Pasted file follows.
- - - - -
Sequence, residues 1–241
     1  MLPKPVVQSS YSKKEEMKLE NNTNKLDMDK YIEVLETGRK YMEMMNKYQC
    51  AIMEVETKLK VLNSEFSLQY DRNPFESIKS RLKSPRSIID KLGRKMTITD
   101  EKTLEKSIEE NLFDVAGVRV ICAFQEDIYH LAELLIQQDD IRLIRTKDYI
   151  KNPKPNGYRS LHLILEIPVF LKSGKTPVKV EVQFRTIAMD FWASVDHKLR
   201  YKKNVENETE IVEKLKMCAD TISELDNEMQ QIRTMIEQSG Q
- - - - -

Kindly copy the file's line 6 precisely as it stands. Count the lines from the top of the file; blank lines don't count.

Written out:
   201  YKKNVENETE IVEKLKMCAD TISELDNEMQ QIRTMIEQSG Q